New York has long been a food capital, from the upscale kitchens of our finest restaurants to the bagels and sausages on the street corners. But as anyone who has walked around Brooklyn has figured out, the next chapter of New York’s food history has everything to do with the local, “artisanal” food scene that is making its mark on the city. From the rise of greenmarkets and food fairs to the focus on seasonal ingredients, these products embody a DIY ethos that New York City has had from the very beginning.
The New-York Historical Society’s Museum store is introducing it’s A Taste of New-York History collection of specialty foods produced in New York City and State, including jams, savory condiments, and chocolates. One of those vendors is The Good Batch. Started by Anna Gordon, The Good Batch is focused on making not-too-sweet treats like cookies, bars, and classic Dutch stroopwafels. We spoke with Anna about learning to bake, her love for Brooklyn, and why she won’t compromise on making fresh products.
When did you first start baking growing up? How did you decide that making sweet treats was what you wanted to do for a living?
I absolutely loved being in the kitchen from a very young age. I wouldn’t even say that I grew up in a family with strong culinary roots, but we certainly loved food, and my parents were very supportive of my creative and curious mind. Making a heap of cookies for the holidays was a yearly activity with my aunts, and my mom and I would pretend like we were hosting a cooking show when we made dinners together. And that was before the Food Network was cool!
My decision to take my love of food and baking to a professional level came to me after living in New York City for a year or two in my early twenties. I was having such a hard time being happy in the office work environment, and spending so much time on intangible projects. I wanted to work with my hands, develop my own projects, and create something that would have an immediate and joyous effect on other people. I put myself through pastry school, and the rest is history!
One of your most unique treats are your stroopwafels, a classic Dutch treat that is totally addictive. (Sidenote: the first time I went to Amsterdam I bought a whole bunch to take home and they didn’t last the plane ride.) What made you decide New York needed some homemade stroopwafels?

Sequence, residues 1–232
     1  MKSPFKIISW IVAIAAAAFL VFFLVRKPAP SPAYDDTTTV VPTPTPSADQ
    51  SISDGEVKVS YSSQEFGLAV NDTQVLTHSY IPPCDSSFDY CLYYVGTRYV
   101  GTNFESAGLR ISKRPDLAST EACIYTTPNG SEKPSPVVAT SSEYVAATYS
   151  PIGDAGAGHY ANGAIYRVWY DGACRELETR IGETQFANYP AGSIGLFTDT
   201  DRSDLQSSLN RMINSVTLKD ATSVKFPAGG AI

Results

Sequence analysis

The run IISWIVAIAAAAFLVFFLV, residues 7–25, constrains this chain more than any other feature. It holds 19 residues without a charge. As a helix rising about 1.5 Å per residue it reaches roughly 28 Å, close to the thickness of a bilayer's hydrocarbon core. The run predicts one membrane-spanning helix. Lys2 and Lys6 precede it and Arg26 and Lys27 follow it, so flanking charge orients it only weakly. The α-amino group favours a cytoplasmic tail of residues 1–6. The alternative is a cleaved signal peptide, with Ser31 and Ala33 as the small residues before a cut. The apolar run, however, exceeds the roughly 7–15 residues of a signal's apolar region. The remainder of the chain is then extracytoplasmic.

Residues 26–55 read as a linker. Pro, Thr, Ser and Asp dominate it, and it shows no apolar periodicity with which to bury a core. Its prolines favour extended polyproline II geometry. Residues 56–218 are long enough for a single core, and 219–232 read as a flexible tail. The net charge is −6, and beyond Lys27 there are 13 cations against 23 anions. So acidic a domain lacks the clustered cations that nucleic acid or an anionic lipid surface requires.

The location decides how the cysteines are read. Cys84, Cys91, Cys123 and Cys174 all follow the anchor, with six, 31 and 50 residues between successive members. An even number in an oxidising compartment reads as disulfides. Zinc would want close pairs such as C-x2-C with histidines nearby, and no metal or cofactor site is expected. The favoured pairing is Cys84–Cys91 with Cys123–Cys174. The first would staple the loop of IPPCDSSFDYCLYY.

I have to give credit to my Dutch in-laws for this one. Before dating Steve I had never had a stroopwafel. Over the course of dating, I was introduced to these caramel waffle treats, along with a slew of other delicious Dutch delicacies (koek, real Gouda, bitterballen, homemade Indonesian food…). While I was in pastry school, his family would ask if I could make them stroopwafels, since it’s nearly impossible to find fresh ones in this city, let along country. For fun, I tried it out, and while I continued to experiment different recipes, I realized it would be a perfect gateway cookie for starting a baking company.
Your cookies seem to have no artificial ingredients or preservatives in them. Why do you think that’s important?
For anyone that has ever baked cookies from scratch, it is obvious that the ingredients are incredibly simple. I couldn’t imagine complicating that process for the sake of keeping my cookies on the shelf longer. I want my product to be pure, simple, and delicious, so I keep the ingredients that way. I will say, however, that the shelf-life factor really limits the type of products I can make. If I had a pastry counter I could fill with fresh desserts and baked goods every day, you’d see a very different menu from me. But for now, I’ll stick with hearty baked goods that can still be scrumptious and buttery after 4 weeks.
Do you have any plans to open a storefront?
Absolutely, but I’m not quite there yet. I have a lot more recipes and ideas I want to develop before I go down that road.
In the past few years, Brooklyn has seen a renaissance of independent food makers. Do you feel like you’re part of a greater movement in food?
I could not be more in love with Brooklyn if I tried, and the food scene here is a humongous part of that. There is inspiration, raw talent and outrageous thinkers everywhere you turn, and I am incredibly honored to be part of the “artisanal food entrepreneur” demographic. It is pretty tremendous that this borough has created such a blast in the country’s food culture. By default I suppose I am part of the “movement,” but I really try not to take myself or what I do too seriously…I do bake cookies for a living, after all.
Any tips for at-home bakers?
Don’t be afraid to make mistakes, stray from a recipe with your own ideas, and trust your gut. Pastry and baking have such a bad rap for being very precise and unforgiving, and while there is some truth in that, especially in comparison to making a pot of marinara sauce, there is still so much room for play.